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Diary – My first month at a new job – part I

Not so long ago, I have reached the end of my probation period. It is common knowledge that starting a new job is a stressful experience, but few actually get to experience it precisely because, whether we admit it or not, we all fear the unknown, and we tend to stay in our comfort zone . That is why it was also so hard for me to make the decision to give up my previous job, and I do not even know which period was the hardest – the period before starting the new job when I did not know what to expect and a thousand scenarios were running through my head, or the first month on the job, passing through all possible states of mind in a single day. In retrospect, however, I realized that it is a very interesting month in terms of feelings, so I decided to keep a diary of most thoughts that crossed my mind, divided by weeks.

Week 1 – Fortune favours the brave

nouljob3

To put things into perspective a little, I left an American multinational IT company situated also in Bratislava, where I had been living for a year and a half, since I left my country to start the previous job here. The first day I started with the same questions that swirled through my mind for the last two months, since I had handed in my notice to the other side: Have I made the right decision? Eventually the other side was not that bad, right? Yeah, yes it was, remember all the reasons why you wanted to leave in the first place. But how can I leave such a cool team behind? It was an international team, do you realize how lucky you were to work for a year and a half in a foreign country, and everyone around you to speak English? Why did you give that up for an exclusive Slovak team, if you can barely understand the language? Never mind, I will take it as a challenge, now I really have no reason not to learn Slovak. I should start taking Slovak lessons again. And apparently there’s a Swedish guy in the team as well, so…

I was my most encouraging supporter , and my biggest critic at the same time. For anyone who has seen the animation Inside out, I embodied both Joy and Sadness in the same person.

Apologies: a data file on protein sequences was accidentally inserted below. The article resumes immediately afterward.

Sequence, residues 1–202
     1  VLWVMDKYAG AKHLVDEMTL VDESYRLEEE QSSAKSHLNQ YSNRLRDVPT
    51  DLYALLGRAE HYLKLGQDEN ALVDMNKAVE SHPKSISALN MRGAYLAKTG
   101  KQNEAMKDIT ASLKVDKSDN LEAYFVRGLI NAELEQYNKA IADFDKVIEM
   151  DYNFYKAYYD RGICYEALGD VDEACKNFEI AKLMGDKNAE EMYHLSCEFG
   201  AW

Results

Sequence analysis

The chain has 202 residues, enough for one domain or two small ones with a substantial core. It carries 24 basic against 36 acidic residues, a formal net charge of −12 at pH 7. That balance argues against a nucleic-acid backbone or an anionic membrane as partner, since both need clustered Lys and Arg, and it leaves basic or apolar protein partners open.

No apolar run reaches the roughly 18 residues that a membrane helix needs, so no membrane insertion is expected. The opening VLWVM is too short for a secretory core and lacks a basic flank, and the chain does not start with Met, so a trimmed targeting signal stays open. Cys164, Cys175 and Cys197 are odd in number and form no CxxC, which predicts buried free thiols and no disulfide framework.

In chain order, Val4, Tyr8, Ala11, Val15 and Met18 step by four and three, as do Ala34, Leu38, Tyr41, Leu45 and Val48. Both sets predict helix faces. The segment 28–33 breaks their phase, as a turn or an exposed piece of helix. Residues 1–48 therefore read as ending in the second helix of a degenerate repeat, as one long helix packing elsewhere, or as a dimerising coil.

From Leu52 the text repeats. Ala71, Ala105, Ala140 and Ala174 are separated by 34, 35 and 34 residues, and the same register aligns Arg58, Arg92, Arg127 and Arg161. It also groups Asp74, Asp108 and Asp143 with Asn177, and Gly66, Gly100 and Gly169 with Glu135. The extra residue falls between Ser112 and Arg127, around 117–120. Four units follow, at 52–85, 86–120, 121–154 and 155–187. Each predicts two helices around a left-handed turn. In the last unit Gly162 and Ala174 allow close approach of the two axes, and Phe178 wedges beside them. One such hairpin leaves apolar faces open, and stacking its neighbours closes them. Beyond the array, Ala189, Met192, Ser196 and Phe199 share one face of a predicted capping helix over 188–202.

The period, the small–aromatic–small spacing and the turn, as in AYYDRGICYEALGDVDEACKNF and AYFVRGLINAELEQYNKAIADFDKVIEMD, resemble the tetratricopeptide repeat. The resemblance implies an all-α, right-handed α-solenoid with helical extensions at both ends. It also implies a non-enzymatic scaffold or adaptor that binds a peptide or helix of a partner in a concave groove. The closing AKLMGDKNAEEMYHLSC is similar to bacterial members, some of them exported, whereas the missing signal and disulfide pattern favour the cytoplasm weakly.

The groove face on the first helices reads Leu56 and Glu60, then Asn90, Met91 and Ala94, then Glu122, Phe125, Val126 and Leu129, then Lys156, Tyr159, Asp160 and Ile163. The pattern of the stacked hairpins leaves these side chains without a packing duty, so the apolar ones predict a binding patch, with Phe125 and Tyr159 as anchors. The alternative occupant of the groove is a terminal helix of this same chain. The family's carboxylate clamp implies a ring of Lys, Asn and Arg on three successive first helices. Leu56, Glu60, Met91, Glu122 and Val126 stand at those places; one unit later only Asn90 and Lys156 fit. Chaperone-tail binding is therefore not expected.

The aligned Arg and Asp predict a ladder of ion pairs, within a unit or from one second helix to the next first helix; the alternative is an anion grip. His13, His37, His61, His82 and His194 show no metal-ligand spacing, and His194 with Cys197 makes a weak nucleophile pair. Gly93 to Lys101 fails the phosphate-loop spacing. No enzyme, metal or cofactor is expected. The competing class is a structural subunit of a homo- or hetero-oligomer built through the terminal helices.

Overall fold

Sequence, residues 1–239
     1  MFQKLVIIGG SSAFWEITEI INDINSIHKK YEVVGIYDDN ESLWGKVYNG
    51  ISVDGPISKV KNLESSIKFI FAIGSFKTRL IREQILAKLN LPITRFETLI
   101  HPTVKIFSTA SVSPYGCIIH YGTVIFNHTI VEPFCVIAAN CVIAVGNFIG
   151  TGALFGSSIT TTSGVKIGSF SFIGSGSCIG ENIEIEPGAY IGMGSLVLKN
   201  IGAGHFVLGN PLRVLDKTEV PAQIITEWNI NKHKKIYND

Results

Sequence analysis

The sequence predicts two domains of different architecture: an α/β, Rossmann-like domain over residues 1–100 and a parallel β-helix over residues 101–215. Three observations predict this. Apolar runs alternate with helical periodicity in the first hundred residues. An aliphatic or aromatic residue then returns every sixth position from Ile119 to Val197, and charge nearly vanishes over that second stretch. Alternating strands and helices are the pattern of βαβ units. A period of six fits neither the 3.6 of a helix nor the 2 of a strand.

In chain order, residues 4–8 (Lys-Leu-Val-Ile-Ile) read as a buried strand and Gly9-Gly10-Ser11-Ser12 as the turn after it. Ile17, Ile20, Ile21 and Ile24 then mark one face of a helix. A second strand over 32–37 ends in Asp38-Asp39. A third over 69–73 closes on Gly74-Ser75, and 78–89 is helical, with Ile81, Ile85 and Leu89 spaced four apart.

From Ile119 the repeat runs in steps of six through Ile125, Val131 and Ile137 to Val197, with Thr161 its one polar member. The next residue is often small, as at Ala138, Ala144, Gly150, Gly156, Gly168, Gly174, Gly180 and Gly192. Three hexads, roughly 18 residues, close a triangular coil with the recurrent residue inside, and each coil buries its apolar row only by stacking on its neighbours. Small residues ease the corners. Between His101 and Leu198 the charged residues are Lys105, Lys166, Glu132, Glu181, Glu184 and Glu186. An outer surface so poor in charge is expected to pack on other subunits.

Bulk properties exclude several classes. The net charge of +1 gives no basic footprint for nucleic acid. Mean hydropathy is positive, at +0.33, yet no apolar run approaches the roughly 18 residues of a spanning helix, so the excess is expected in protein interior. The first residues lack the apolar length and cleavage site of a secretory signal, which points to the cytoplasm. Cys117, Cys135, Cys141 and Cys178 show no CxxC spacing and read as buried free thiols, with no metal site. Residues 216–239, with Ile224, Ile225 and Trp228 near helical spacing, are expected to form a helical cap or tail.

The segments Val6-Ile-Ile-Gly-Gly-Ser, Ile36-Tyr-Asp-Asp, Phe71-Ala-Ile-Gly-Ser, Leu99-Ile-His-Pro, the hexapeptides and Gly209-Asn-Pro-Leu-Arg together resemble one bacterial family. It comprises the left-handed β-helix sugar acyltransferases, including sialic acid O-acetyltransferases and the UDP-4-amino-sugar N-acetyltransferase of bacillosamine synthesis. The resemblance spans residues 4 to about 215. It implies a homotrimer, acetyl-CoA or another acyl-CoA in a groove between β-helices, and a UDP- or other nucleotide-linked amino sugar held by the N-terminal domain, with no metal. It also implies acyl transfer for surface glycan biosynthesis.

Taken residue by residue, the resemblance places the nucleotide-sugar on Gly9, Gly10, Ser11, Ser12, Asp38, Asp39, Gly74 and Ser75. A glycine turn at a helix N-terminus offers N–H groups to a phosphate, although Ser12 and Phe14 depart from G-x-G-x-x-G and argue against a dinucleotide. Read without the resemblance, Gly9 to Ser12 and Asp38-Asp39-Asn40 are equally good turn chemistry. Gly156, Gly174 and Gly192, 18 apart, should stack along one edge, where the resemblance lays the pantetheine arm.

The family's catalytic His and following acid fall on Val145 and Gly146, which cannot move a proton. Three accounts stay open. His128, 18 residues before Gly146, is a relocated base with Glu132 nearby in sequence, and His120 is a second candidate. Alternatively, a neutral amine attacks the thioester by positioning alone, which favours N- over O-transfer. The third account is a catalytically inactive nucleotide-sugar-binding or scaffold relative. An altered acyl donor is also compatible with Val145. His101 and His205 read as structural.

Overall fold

The first day was more for HR guidance, but I got to chat a little through emails with my team leader. He happened to be sick, so he was working from home the first days of that week. I finished the orientation program earlier than the normal time to go, and I ask the team leader what I should do the next day, where I should come, because I did not know too well where my team was. Shocker, he tells me that, being sick, he can not introduce me, but he suggested that I could go to the team and introduce myself! After that he told me where I could find them. So imagine, as if it was not sufficiently stressful to be scanned for the first time by a whole team, to appear in their midst … and to say what? Hey, hi, it’s me, your new colleague?!

Luckily for me when I arrived there, I saw one of the other team leaders, with whom I had had the interview, so I went to her and she introduced me to my new colleagues.

I found out that I had not one, but two buddies, a he and a she ( turns out I later actually had three. I can just feel your envy right now.), which was great, but I was not too pleased that I must depend on a guy buddy, because they generally are … well, not as talkative as us ladies , not to say quiet, and a bond is formed more easily between two ladies. Wrong, both were very friendly and eager to help and explain, and ironically, he is the most talkative. So much for stereotypes in my head.

The rest of the week I was in trainings all days, so I started intensive learning. I had no background in insurance, so everything was new and exciting. Trying to assimilate everything kind of took all my energy, so I had moments when I was going to sleep at 9pm. At the end of the first week, it was beginning to be quite clear what my tasks were, so I ended up the week wondering Is that it ?!

Week 2 – DON’T Panic!

I learned very quickly that no, that was not it at all, on the contrary, after another week, I realized that the fact that I had put that question was a sign that I understood nothing in the first week.

The first wave of panic was when I started seeing requests in the team mailbox, and I realized that yes, it really was a 100% French position. I alone wanted a French position, to develop my language, but I wasn’t so sure of my French. So when I started seeing dozens of emails only in French, and especially when I heard my colleagues talking on the phone in French, my panic grew exponentially.

Man, do my colleagues speak good French. Where did they learn to speak with such good accent? I don’t speak so nicely! What am I gonna do when the French will call me, and I will not understand what they say? How many times can I ask them to repeat what they said without sounding like an idiot? And how often will they want to talk on the phone? I bet I will stammer on the phone! Clearly, I bit more than I could chew.

And just as the stress was rising thinking about my abilities to speak French, my team leader tells me he wants to hold a tele-conference with French colleagues, with which I would work, to introduce myself. In front of all of them. In French!

That was the first time that I got overwhelmed and I started thinking that I might not pass probation. The former job was fairly complex as well, but I hadn’t thought for a moment there that I will not pass the 3 months.

I realize I wrote quite a lot already and I only covered the first two weeks, so I guess this should be followed by a second part of the post soon 🙂

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